Teaching and Learning Tip #17: The Inclusive, Learner-Centered Syllabus

January 9, 2018

Tip #17: The Inclusive, Learner-Centered Syllabus

Consider the difference: the policy-oriented syllabus versus the learner-centered syllabus.  An inclusive, learner-centered syllabus sees this text as the start of a conversation that will continue throughout the semester. The syllabus is the students’ invitation to participate in that conversation. Rather than a mere statement of course policies, the syllabus becomes a highly motivating way to open the semester. In order to build a learner-centered syllabus...

Use inviting and affirming language.

  • Consider the student audience. Using the second-person “you” in your syllabus, e.g., “In this class you will work collaboratively to investigate….”
  • Emphasize positive over punishing language with phrases such as “I encourage you to…” or “One of the best ways to engage yourself in this course is to…”
  • Help students to envision their success in the course. Use language that already assumes their success. This should include describing your role as instructor, and what you will do to foster student success. It can also depict students as actively shaping their learning experience (e.g., “The texts I’ve selected for you to read can inform the projects you create this semester.”)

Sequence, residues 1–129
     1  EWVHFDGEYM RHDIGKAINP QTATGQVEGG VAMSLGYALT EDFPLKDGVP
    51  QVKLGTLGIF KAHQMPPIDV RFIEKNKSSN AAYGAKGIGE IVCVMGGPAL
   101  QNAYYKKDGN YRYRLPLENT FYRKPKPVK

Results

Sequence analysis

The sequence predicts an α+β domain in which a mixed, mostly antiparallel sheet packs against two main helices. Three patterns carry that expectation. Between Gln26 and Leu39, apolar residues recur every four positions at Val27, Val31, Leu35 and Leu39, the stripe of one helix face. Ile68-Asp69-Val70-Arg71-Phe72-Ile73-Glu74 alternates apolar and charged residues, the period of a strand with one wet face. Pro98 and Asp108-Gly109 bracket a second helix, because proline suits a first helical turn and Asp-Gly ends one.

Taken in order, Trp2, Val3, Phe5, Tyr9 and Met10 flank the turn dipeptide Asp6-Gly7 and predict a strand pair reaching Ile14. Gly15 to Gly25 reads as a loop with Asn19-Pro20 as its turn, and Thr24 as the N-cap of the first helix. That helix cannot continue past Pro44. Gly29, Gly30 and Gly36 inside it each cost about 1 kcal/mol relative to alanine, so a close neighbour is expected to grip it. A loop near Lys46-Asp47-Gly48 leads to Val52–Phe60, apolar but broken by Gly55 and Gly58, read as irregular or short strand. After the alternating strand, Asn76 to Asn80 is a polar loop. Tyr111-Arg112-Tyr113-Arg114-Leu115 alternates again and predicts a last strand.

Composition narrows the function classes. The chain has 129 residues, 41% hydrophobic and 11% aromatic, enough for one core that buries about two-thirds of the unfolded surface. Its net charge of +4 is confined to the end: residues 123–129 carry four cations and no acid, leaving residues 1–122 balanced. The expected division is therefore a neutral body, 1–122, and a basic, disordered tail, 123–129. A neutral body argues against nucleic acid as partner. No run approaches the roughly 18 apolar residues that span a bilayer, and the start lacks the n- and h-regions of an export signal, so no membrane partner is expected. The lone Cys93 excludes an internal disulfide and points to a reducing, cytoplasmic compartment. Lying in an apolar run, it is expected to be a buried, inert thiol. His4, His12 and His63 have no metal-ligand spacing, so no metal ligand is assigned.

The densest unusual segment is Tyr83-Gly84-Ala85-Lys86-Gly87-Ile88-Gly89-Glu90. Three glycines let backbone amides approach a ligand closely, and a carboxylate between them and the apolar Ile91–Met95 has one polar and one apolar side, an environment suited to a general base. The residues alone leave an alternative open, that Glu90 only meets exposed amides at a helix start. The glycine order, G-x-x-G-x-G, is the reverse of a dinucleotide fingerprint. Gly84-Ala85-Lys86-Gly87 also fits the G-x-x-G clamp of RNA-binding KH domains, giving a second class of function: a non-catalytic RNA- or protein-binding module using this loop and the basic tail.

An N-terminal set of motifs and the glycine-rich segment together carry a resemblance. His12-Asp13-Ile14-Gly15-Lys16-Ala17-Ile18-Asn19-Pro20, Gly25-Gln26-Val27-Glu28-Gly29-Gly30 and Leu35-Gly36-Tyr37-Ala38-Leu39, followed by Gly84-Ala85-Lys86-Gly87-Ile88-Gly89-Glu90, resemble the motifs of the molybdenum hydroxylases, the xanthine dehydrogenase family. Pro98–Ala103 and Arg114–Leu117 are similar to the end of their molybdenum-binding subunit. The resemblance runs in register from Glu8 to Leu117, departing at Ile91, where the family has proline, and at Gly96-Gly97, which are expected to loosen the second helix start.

• Include a simple “preferred name and gender pronouns” statement, such as “you will have the opportunity to let our classroom community know your name and gender pronoun and anything else you would like to share.”

Example from a 100-level history course syllabus:

Policy-oriented Syllabus. Course Objectives: Each student in the class is expected to achieve the following learning objectives. You must demonstrate knowledge and skills based on the following...

Learner-centered Syllabus. How You’ll Know You’re Learning: We’ll use the following course objectives to focus our work together. The following learning objectives are a way of describing and naming what you learn this semester…

Build from what students already know or expect.

  • The syllabus is a teaching tool. As you would with any other assignment or exercise, build from what the students already know and be explicit about what you want them to achieve.
  • Consider the fact that many college students experience “impostor syndrome,” where it is difficult for them to visualize or believe in their success.  This means that they might demonstrate or assume a passive role. Use the language of the syllabus—such as active verbs—to counteract impostor syndrome.
  • Don’t overwhelm your audience. A syllabus should be easy to navigate. It’s a document that students will use for reference throughout the semester, and it should be easy for them to find the information they need when they need it. Throughout the document, use a conversational tone, and avoid terminology that students will not know on day one.